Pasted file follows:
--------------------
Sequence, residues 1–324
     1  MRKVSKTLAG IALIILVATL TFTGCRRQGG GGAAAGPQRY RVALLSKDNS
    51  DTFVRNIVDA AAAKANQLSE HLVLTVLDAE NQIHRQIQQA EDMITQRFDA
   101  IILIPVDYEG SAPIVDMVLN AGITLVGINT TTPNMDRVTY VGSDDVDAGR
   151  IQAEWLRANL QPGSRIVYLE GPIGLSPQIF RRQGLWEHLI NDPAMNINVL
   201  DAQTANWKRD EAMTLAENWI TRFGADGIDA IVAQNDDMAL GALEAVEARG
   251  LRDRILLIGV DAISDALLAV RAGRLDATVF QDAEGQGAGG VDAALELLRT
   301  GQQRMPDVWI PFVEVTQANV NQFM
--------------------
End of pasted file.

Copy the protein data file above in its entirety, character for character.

Sequence, residues 1–324
     1  MRKVSKTLAG IALIILVATL TFTGCRRQGG GGAAAGPQRY RVALLSKDNS
    51  DTFVRNIVDA AAAKANQLSE HLVLTVLDAE NQIHRQIQQA EDMITQRFDA
   101  IILIPVDYEG SAPIVDMVLN AGITLVGINT TTPNMDRVTY VGSDDVDAGR
   151  IQAEWLRANL QPGSRIVYLE GPIGLSPQIF RRQGLWEHLI NDPAMNINVL
   201  DAQTANWKRD EAMTLAENWI TRFGADGIDA IVAQNDDMAL GALEAVEARG
   251  LRDRILLIGV DAISDALLAV RAGRLDATVF QDAEGQGAGG VDAALELLRT
   301  GQQRMPDVWI PFVEVTQANV NQFM